Sure, here's the code: Android stuff, but I guess 99% of it is obsolete now https://github.com/jpf91/GDC/commits/android

mentioned earlier that you "had to rewrite the complete core.stdc bindings," but there are only three small patches to core.stdc in the above branch: https://github.com/jpf91/GDC/commit/d807f9d8a1cc51efe8b14a48d6a294174dc92168

Hmm, it's possible that I didn't push those changes to github. I might have some backups of that stuff, but I'm not sure. (IIRC I had another git project for that where I experimented with the 'ports' idea)
 
 You also mentioned porting the GC, but there are no patches for
 that.  I thought you'd gotten further along on an Android port
 based on your earlier comments.  It appears that we hit the same
 stderr issues though. :)

'porting' is an overstatement. The GC is already quite portable, all I did was adding functions to get the stack top / bottom on Android. (Stack top is actually handled in a generic way in gdc). See https://github.com/jpf91/GDC/blob/428a7573896962acfdd8132465b1f4af0ff3aea8/d/druntime/rt/memory.d#L119 and search for Android. (Of course no real testing was done and the GC could still be broken in other ways. But stack-scanning should work, TLS scanning is portable anyway and heap scanning should work as well)
Dec 04 2013
prev sibling next sibling parent "Joakim" <joakim airpost.net> writes:
On Tuesday, 3 December 2013 at 02:43:34 UTC, Mike wrote:
 I agree.  Submitted an enhancement here:  
 https://d.puremagic.com/issues/show_bug.cgi?id=11666

What new platform are you porting druntime to? I'm guessing linux/ARM Cortex-M based on your previous posts. Hopefully, I can reuse some of your work when I try ARM out.
Jan 05 2014
prev sibling next sibling parent "Mike" <none none.com> writes:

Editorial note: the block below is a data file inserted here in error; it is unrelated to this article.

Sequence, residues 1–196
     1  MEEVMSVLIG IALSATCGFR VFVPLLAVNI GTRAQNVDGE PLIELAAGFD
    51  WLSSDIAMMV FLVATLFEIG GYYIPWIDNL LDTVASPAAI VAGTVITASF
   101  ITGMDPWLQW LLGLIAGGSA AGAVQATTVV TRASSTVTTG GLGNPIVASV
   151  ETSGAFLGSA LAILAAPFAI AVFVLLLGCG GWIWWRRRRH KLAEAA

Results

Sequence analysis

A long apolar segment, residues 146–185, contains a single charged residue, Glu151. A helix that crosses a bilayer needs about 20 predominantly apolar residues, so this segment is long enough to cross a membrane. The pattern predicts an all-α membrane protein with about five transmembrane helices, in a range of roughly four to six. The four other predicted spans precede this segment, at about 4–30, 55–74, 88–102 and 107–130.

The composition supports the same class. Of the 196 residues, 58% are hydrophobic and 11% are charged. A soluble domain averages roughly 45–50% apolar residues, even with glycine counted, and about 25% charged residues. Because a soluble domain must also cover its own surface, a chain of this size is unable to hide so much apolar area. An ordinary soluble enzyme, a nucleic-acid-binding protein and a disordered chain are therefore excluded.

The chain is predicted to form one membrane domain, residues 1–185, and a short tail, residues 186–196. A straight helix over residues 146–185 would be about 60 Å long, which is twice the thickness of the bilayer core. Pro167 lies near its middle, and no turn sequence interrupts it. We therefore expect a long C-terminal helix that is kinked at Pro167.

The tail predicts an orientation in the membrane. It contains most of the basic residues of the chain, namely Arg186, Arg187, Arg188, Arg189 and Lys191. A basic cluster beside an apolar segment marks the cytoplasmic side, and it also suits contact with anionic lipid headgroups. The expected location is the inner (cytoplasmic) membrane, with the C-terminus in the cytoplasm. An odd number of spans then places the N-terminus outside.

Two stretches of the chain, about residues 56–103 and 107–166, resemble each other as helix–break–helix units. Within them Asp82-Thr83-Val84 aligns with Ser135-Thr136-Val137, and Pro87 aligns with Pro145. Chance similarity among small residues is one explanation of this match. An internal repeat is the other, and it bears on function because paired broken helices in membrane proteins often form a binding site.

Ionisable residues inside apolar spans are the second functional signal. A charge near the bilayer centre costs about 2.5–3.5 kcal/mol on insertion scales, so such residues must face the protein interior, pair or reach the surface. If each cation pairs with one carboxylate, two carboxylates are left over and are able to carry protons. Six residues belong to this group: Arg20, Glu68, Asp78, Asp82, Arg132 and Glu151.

On Sunday, 5 January 2014 at 17:07:10 UTC, Joakim wrote:
 What new platform are you porting druntime to?  I'm guessing 
 linux/ARM Cortex-M based on your previous posts.  Hopefully, I 
 can reuse some of your work when I try ARM out.

I'm porting to an STM32F4 (http://www.st.com/web/en/catalog/mmc/FM141/SC1169/SS1577) MCU, simply because that's the only hardware I have, and I'm familiar with it, but I hope it will be portable to any ARM Cortex-M MCU with little or no modification. I'm doing a bare-metal port (no OS) so Linux way out of scope for me. My goal to make something like the Arduino. So the end product would be end up with the following: * The hardware (I/O board). Think Arduino DUE (http://store.arduino.cc/index.php?main_page=product_info&cPath=11&products_id=243) * A compiler specific to the hardware (LCD with ARM Thumb backend, or GDC cross-compiled for arm-none-eabi * A port of the D runtime. Definitely not a complete port. Just enough to work the I/O and make use D programming constructs (classes, structs, exceptions, thread local storage, etc...) * A library, or set of libraries, to make programming the IO convenient. See the Arduino reference to get a an idea (http://arduino.cc/en/Reference/HomePage) * Possibly an IDE specific to microcontroller development. I'd like to eventually create a very tiny real-time OS like FreeRTOS(http://www.freertos.org/) and the like, but that is a very long-term goal. Other goals are: * Assist the LDC and GDC folks with supporting this platform, as this adventure truly stands on their shoulders and we're not going to get anywhere without them. * Show that the D language can replace C/C++ in the 32-bit MCU realm. Timo Sintonen is also well on his way to an ARM Cortex-M port (https://bitbucket.org/timosi/minlibd), but he's taking quite a different approach than I. I'm taking more of a bottom up approach and hope to discard the peripheral library, the C library, and anything else C/C++ and do everything in D. I've created a simple "hello world" tutorial here (http://wiki.dlang.org/Extremely_minimal_semihosted_%22Hello_World%22) so people interested in this or similar endeavors can have a convenient place to start. At the moment, I don't have any source code to publish, as everything I've built so far is simply for academic purposes (I have a lot to learn). But, I'd be happy to share what I have and what I've learned, and I hope in the coming months I'll have a repository with something useful. Mike